Reuters reports the outcome of the latest Federal Reserve monetary policy meeting:
The Federal Reserve on Wednesday cut its forecasts for U.S. economic growth, but offered no hint of further monetary support, saying the recovery should gradually pick up heading into 2012.
Fed Chairman Ben Bernanke said factors weighing on the economy, such as high commodity prices, should be fleeting but warned some of the weakness could linger...
The Fed confirmed it was ending its $600 billion bond-buying program at the end of June and reiterated it will continue to reinvest principal payments from its holdings...
While Bernanke did not rule anything out, he made clear the Fed does not feel the economy is in as dire a condition as it was last fall when it launched its latest bond-buying plan.
Among US economic data released on Wednesday, commercial real estate prices continued to decline in April. Again from Bloomberg:
However, home prices showed a surprise rebound in April, according to a Bloomberg report.
U.S. commercial property prices fell in April as sales of distressed assets made up a large share of transactions, according to Moody’s Investors Service.
The Moody’s/REAL Commercial Property Price Index dropped 3.7 percent from March and 13 percent from a year earlier. It’s now 49 percent below the peak of October 2007 and at its lowest point in data going back to December 2000, the company said in a report today.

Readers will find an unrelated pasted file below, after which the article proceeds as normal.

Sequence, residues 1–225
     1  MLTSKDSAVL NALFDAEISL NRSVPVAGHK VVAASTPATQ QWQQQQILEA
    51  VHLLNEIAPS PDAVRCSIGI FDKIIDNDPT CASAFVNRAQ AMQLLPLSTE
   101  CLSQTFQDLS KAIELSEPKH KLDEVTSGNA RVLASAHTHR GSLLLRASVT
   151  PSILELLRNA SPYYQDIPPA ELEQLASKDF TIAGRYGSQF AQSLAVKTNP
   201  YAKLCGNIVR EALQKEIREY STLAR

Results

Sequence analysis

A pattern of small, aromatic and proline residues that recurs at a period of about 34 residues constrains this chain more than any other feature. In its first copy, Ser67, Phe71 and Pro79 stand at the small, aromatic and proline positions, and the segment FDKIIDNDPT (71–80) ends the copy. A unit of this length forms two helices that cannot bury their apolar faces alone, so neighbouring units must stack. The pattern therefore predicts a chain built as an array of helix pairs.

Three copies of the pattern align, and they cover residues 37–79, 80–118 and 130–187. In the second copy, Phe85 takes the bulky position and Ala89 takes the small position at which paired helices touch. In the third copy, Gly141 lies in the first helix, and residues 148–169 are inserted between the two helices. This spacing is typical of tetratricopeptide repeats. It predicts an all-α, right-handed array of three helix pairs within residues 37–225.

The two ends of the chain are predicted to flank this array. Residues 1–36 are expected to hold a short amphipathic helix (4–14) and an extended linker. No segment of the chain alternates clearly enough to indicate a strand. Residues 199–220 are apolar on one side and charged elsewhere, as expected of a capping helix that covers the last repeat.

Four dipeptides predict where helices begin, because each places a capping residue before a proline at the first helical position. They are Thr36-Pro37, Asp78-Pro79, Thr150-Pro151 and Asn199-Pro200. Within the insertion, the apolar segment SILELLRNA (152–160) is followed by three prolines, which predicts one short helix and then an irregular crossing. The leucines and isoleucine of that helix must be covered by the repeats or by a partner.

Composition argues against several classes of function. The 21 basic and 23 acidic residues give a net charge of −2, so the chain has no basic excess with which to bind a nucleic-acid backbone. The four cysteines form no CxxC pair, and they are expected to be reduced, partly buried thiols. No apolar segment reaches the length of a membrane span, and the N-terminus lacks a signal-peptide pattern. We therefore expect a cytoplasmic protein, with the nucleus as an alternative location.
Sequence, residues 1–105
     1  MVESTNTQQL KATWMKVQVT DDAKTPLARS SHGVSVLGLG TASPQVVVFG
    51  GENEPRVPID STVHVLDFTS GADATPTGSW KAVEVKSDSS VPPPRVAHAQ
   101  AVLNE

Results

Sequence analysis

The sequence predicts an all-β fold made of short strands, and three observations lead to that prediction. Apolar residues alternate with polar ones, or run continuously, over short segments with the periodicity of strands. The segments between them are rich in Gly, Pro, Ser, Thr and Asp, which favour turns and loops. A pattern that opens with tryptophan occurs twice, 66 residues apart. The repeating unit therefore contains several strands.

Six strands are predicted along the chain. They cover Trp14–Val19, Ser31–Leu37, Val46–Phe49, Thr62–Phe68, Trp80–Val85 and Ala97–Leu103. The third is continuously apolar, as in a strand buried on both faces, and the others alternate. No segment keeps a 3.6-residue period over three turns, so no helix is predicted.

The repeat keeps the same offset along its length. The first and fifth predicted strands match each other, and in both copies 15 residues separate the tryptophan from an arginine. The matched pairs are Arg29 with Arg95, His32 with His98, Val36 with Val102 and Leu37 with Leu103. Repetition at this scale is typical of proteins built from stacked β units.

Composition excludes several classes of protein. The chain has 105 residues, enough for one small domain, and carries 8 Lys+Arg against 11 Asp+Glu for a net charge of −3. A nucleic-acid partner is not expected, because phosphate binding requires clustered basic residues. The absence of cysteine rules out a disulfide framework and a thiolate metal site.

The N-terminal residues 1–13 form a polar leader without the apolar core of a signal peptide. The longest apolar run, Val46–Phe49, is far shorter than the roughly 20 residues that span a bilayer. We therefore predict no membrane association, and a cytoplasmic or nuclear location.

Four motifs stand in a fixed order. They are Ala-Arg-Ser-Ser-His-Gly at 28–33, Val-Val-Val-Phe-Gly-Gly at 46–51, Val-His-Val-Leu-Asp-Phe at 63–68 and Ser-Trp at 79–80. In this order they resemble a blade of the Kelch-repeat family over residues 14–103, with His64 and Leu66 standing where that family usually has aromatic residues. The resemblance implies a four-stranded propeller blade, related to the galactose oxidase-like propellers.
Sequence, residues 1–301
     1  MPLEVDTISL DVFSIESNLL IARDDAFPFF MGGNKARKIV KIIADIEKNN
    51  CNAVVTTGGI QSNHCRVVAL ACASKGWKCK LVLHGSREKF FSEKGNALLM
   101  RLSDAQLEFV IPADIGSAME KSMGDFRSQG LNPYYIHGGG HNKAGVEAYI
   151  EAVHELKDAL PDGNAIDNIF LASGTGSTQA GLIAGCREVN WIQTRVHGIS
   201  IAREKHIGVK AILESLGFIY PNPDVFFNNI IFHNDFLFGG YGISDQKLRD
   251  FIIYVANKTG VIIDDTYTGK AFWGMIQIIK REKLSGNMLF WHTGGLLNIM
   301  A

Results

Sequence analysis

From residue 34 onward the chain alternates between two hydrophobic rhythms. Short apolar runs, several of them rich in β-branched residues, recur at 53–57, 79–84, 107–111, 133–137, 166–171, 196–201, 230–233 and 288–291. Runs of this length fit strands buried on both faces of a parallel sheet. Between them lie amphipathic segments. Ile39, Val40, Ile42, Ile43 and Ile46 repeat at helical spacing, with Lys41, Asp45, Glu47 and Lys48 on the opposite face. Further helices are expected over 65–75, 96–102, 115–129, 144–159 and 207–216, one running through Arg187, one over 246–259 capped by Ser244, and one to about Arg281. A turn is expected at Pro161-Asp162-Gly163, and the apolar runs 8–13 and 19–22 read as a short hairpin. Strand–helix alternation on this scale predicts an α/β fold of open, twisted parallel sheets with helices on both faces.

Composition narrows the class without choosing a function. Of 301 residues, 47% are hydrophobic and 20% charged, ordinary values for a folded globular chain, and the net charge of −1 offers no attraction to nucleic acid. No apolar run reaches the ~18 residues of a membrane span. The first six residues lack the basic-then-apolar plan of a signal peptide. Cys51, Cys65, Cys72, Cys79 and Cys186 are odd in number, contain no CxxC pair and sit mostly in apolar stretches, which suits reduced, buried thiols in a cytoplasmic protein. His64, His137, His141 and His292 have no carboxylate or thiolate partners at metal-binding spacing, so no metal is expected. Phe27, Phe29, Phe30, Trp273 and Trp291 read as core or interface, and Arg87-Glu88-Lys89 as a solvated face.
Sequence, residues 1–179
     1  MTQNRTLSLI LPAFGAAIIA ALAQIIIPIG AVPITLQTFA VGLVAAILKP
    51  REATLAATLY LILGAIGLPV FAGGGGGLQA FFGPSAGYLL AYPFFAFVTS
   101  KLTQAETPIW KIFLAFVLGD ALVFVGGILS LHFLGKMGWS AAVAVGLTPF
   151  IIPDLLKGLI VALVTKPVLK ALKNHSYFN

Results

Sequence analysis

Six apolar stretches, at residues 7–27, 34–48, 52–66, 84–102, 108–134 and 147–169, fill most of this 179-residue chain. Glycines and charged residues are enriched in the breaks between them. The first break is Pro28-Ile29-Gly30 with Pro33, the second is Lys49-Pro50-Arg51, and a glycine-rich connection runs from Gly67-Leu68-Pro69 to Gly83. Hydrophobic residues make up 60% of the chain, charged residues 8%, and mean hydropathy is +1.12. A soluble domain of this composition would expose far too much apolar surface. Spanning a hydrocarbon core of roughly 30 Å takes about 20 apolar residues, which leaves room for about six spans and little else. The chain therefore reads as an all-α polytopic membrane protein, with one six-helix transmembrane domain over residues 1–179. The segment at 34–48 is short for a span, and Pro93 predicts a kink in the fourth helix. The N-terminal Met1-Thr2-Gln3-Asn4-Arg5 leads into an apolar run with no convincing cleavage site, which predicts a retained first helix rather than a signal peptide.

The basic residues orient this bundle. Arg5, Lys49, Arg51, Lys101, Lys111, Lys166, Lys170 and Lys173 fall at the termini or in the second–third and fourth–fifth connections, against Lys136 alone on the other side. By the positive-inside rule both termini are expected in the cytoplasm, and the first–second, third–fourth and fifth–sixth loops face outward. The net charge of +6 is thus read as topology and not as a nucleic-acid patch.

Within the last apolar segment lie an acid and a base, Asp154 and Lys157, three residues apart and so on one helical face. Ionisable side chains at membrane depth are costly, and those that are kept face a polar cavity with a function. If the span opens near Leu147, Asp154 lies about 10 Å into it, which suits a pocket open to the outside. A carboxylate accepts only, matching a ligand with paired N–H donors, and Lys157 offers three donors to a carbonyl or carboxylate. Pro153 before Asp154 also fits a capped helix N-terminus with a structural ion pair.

U.S. home prices fell 5.7 percent in April from a year earlier, signaling the housing market is struggling to recover as foreclosures weigh down values.
The decline was led by an 11 percent drop in the region that includes Nevada and Arizona, the Federal Housing Finance Agency said today in a report from Washington. The second- largest slump was 8.6 percent in the area that includes Florida...
Prices rose 0.8 percent from March, the FHFA said. Economists had projected a 0.3 percent decline from the previous month, according to the average of 18 estimates in a Bloomberg survey...
Also showing a rebound in April was eurozone industrial orders. Bloomberg reports:
European industrial orders rose in April, as increasing demand in Germany helped counter a slump in France and Italy, suggesting the euro region’s economic expansion maintained some momentum into the second quarter.
Orders in the euro area advanced 0.7 percent from March, when they fell 1.5 percent, the European Union’s statistics office in Luxembourg said today. Economists had forecast a gain of 1 percent, the median of 18 estimates in a Bloomberg News survey showed. Orders jumped 8.6 percent from a year earlier.